Some companies had an incredible 2017. Tesla, though they took some lumps, looked good time and again. Amazon, Ford, and Delta all saw good news go out to the masses. Other brands were not so lucky.
Several big retail and service brands suffered huge embarrassments in 2017, others were buffeted by PR disasters that spilled over from last year and continued to get worse. Wells Fargo continued to have a rough time, as PR disaster after PR disaster came one after another. Several tech companies faced nagging accusations in the consumer marketplace. Facebook, Twitter, and Google all took more than one turn on the hot seat this year.
But there are three companies whose PR disasters stood out among a sea of tough luck, bad calls, and big mistakes.
The credit monitoring and tracking company is one of the most trusted corporations in the country. At least it used to be. Equifax is one of three companies depended on to help creditors determine how “worthy” a borrower is to be approved for a loan. That’s a massive amount of trust. Then came the breach. A data attack led to the private information of 140 million Equifax customers to be put at risk. Company stock plummeted 35 percent when the news hit the headlines.
Of all the recent data breaches, the Equifax breach hit consumers the hardest. They didn’t know if they were impacted or in what way. They didn’t know who had their personal information or exactly how much. That fear, along with the shattered trust, turned this breach into one of the biggest PR crises of the year.
As PR goes, United Airlines had a pretty terrible 2017. All airlines tend to overbook flights just to make sure they are full in case of cancellations. It’s not a popular practice, but travelers at least understand it in principle. What nobody understood was United causing an elderly doctor to be knocked unconscious and dragged off a flight while countless passengers recorded the entire incident. Then, adding insult to, literal, injury, United CEO Oscar Munoz came out and apologized, not for the treatment of the doctor, but for “having to re-accommodate these customers…”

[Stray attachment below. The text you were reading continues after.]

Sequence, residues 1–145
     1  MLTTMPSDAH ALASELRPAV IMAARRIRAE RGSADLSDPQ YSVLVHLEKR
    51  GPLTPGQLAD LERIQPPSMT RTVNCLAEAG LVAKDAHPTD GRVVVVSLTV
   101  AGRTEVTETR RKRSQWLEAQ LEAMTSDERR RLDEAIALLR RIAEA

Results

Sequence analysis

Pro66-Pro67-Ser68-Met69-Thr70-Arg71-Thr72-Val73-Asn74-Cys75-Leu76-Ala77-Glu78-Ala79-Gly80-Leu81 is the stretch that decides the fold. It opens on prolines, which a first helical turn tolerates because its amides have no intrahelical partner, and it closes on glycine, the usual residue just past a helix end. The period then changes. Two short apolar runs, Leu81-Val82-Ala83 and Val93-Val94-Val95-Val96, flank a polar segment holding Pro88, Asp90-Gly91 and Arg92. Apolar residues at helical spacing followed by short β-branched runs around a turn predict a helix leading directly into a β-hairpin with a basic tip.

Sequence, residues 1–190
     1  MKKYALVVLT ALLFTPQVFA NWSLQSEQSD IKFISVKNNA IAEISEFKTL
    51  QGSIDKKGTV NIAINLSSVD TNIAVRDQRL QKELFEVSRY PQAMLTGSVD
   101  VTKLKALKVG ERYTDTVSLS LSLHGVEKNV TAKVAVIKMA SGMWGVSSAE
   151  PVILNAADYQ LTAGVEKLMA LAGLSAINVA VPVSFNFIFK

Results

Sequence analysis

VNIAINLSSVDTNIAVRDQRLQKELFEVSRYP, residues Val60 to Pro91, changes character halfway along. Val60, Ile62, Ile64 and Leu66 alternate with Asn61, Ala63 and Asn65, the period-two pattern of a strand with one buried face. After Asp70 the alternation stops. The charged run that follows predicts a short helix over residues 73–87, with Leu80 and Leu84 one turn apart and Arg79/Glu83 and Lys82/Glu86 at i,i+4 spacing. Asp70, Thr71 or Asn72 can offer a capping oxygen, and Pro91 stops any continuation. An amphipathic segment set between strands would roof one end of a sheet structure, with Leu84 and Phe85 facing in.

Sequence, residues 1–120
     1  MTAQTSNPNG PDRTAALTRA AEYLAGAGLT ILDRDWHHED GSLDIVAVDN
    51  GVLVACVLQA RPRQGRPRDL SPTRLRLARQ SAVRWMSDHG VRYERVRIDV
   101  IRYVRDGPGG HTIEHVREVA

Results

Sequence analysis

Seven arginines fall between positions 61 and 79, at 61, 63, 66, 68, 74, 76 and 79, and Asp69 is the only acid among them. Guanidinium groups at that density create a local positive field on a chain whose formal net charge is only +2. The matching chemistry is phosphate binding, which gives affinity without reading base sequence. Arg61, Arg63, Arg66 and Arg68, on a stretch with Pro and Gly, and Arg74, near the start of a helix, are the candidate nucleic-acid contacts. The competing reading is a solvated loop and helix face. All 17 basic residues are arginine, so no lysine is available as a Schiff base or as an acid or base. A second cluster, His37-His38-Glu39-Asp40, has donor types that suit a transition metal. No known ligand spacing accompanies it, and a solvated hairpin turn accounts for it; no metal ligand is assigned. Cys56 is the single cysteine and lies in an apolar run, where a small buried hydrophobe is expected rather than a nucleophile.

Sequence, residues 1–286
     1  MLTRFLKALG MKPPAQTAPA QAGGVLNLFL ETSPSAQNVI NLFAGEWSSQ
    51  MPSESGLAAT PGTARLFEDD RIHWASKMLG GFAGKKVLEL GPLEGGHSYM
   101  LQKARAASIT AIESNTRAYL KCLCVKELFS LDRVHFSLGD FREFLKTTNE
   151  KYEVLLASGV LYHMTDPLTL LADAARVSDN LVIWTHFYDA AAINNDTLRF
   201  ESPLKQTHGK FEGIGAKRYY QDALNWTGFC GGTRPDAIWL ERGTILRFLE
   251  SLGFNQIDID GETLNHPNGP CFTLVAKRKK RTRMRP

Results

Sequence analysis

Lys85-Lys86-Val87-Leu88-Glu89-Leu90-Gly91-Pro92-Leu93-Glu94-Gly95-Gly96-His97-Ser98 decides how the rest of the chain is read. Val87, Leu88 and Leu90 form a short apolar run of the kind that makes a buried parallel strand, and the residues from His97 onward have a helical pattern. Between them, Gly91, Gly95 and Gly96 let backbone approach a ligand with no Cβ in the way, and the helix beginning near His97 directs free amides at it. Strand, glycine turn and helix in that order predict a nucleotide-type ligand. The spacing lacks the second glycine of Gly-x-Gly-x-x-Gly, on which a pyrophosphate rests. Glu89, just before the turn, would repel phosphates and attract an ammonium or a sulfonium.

“Re-accommodate” became the by-word for just about every incident of perceived commercial hubris leveled against consumers with limited choices. Munoz should have realized his customers were not interested in being “re-accommodated”… They actually wanted decent service, especially since they already paid for it.
Even as Uber was taking a beating overseas, while trying to break into new markets, now-former CEO Travis Kalanick was taking a beating in the papers here at home. When a video surfaced of Kalanick screaming at an employee went viral, the dominoes began to fall. Eventually, Kalanick resigned, and Uber competitor Lyft began to surge.
Ronn Torossian is the Founder and CEO of the New York based public relations firm 5WPR: one of the 20 largest PR Firms in the United States.